In May 2019, the newspaper's management published a letter by Glick addressed to Rabbi Gershon Edelstein, in which he described allegations that prominent figures in Israel's Haredi community were not sufficiently involved in the newspaper's affairs. He also included Rabbi Edelstein's response, stating that the newspaper's affairs are under the supervision of Rabbi Nathan Zuckowsky, and consultations with Rabbi Edelstein himself are held regularly. These events were connected to the power struggle between Rabbi Chaim Kanievsky's circle and Rabbi Edelstein's circle.
Yated Ne'eman represents the views and perspectives of Torah scholars within the Lithuanian Haredi community, especially Rabbi Shach, followed by Rabbi Elyashiv and Rabbi Shteinman. The newspaper periodically publishes "Torah Opinions" on various topics and issues, providing guidance to its readers.
On the political front, the newspaper echoes Rabbi Shach's perspective, who regarded the secular left and Arabs with suspicion while rejecting the nationalist approach, asserting that the Jewish people are still in exile and should exercise caution in their relations with other nations.
In 2005, for example, the newspaper strongly opposed the disengagement plan and condemned Ariel Sharon, referring to him as a dictator. The newspaper's stance was that the protest against the disengagement plan was "a clear Zionist struggle with which there is no reason to identify in any way."
Over the years, Yated Ne'eman has been at the forefront of the Haredi community's battle against the Chief Rabbinate of Israel. With the appointment of Rabbi Yona Metzger as the Chief Rabbi of Israel, under the influence of Rabbi Yosef Shalom Elyashiv, Yated Ne'eman escalated its attacks on the Chief Rabbinate.
The newspaper's writing style is sharp and biting, particularly towards groups with different religious perspectives, such as secularists, Chabad Hasidim, Religious Zionists, and the leadership of the Haredi noon prayer. In recent years, the newspaper has had limited coverage of Haredim who do not conform to the mainstream Haredi community, often referred to as "outsiders" or "new Haredim."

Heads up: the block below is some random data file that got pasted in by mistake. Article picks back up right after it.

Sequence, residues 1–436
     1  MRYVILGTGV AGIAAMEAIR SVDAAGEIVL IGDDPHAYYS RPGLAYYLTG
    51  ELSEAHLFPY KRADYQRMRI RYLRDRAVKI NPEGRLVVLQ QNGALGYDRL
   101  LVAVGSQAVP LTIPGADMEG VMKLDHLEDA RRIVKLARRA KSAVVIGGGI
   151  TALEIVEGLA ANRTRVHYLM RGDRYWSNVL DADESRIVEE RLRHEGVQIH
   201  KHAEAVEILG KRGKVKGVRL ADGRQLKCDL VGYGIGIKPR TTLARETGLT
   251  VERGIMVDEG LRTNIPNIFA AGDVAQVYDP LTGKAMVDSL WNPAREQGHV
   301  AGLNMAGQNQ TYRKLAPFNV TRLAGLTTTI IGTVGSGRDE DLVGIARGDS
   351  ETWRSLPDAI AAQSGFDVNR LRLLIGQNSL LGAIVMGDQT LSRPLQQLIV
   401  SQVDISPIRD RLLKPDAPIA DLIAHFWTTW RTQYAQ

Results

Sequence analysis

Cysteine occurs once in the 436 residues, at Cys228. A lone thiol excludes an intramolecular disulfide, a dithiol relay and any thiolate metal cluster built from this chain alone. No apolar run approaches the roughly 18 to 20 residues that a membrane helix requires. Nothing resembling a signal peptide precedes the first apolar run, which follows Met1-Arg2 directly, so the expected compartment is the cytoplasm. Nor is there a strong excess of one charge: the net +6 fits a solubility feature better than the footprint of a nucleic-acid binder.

In May 2013, Chaim Walder published an article in the newspaper in which he compared statements by Yair Lapid about the Haredi community to Adolf Hitler's statements about Jews.
In July 2020, the newspaper published an advertisement for the daily study of the Rambam, a practice promoted by Rabbi Shach. He strongly opposed this practice.
Libel Lawsuits Against the Newspaper
In several instances, individuals who felt harmed by the newspaper's content have filed lawsuits. In 2005, an article by the editor Israel Werthzal criticized Rabbi Israel Rozen, alleging that he circumvented Jewish law for financial gain. Rabbi Rozen filed a defamation lawsuit against the newspaper, the writer, and two of the editors in Jerusalem's Small Claims Court. The court ruled in favor of Rabbi Rozen in 2009, awarding him damages of 70,000 shekels.
In 2014, Yoav Lalum, the chairman of the Noar Kahalacha Association, filed a libel suit for 300,000 shekels against the newspaper and its editors. He claimed that the newspaper insulted him in its writing and referred to him with derogatory terms following his activities in the High Court of Justice against the Talmud Torah in Emmanuel.
In January 2019, the court ruled in favor of Lalum, awarding him 135,000 shekels in damages: 60,000 from the newspaper and a combined sum of 75,000 shekels from four members of the newspaper's editorial team.